The song, whose tune continues to please older folk and whose overt message does not disturb many young Westerners with their liberal belief that kindness will save us all, is an interesting artefact. It is interesting that it is not yet a relic, like, say that other big hit of the time One Bad Apple by The Osmonds. (Seriously, those Mormons produced a much better song.) It is also interesting to think about the time in which it was made.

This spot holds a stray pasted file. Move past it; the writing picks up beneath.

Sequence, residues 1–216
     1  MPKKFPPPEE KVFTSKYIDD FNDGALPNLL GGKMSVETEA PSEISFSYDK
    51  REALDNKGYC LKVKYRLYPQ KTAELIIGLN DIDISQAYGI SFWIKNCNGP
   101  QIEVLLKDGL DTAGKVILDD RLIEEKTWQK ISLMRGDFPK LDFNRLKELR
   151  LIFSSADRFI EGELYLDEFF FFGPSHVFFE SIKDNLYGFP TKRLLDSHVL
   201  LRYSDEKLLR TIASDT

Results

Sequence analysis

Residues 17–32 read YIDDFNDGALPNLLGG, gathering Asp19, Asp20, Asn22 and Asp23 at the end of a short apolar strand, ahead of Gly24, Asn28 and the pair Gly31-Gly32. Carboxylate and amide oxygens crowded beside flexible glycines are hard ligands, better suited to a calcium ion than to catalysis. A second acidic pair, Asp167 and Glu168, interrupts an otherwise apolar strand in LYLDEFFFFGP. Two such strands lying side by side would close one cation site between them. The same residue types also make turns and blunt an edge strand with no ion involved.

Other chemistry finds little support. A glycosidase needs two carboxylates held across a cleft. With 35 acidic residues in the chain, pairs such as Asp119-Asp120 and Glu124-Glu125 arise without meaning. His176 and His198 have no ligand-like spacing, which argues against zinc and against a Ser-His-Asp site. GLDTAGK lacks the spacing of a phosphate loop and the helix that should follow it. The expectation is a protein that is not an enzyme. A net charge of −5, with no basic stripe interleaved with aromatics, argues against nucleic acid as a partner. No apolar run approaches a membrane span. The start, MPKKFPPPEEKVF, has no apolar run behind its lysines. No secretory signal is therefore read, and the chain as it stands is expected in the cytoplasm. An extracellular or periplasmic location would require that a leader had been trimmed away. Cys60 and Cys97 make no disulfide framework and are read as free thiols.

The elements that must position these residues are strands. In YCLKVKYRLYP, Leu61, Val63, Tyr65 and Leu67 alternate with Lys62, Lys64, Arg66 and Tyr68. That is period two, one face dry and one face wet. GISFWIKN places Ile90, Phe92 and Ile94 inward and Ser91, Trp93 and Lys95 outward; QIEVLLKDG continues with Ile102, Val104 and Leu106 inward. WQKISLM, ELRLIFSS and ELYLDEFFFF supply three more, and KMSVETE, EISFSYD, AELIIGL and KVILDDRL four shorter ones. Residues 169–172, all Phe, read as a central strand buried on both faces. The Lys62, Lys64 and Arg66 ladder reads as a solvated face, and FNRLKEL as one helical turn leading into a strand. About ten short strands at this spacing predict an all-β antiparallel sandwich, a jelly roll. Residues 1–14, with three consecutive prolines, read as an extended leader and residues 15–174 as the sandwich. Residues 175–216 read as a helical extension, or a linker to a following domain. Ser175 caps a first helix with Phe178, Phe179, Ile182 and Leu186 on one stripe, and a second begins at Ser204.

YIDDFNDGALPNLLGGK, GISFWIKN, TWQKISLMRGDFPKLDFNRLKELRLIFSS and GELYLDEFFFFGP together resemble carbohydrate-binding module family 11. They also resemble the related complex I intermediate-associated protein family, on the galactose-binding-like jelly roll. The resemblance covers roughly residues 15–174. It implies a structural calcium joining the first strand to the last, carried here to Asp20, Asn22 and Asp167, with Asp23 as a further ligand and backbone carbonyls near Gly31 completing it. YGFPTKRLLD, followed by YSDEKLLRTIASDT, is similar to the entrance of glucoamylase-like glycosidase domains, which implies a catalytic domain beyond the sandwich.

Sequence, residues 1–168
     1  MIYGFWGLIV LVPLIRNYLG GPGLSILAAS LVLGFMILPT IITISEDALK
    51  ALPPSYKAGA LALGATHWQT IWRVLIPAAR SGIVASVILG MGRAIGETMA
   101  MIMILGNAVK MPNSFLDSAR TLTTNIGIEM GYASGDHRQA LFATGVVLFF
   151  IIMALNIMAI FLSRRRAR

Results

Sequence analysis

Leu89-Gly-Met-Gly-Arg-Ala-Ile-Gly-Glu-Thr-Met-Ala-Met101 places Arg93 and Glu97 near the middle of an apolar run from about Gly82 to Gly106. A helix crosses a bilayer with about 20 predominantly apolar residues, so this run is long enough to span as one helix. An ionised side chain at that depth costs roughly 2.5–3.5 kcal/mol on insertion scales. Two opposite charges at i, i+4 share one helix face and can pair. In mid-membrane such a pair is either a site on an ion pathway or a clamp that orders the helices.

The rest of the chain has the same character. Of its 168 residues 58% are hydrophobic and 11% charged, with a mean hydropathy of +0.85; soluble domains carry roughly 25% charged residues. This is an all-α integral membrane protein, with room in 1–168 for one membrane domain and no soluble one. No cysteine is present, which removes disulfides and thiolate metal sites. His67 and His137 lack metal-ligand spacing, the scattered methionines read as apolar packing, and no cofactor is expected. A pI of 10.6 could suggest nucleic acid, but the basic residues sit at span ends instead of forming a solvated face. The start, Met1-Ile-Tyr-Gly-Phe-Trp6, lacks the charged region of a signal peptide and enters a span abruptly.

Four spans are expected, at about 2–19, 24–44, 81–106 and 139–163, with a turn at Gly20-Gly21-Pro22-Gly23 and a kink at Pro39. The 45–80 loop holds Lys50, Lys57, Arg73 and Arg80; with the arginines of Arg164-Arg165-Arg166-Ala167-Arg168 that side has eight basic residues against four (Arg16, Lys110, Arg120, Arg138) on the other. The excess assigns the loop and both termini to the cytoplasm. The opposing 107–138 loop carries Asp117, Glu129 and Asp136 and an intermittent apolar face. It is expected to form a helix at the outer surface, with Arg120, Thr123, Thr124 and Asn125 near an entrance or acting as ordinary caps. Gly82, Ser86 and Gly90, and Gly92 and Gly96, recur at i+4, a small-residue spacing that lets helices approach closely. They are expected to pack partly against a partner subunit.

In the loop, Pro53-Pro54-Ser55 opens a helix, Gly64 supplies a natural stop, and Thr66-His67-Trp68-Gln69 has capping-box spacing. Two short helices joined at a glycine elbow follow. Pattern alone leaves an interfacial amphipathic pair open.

A lot of stuff was going on, I am told, in and around 1971. In the everyday West, a few decades of full employment had led workers to good wages. In the macro-economic West, growth had been slowed as the result of this full-employment regime. In the policy West, economists like Milton Friedman began to argue for a return of profit to employers, and a diminution of workers’ rights, to speed up the growth. And in the resisting West, activists and academics, being reasonably well-fed and housed, lost their interest in workers’ rights and economic policy. This, understandably, was the era for identity politics. Movements for women, people of colour, people with a disability, and for folk who preferred the intimate company of their own gender, formed very fully in this time. (Please, let’s just ignore a lot of other big things, including Vietnam and the Nixon gold shock. We’ve all only got so much time, and we’re not even into verse two of Imagine.)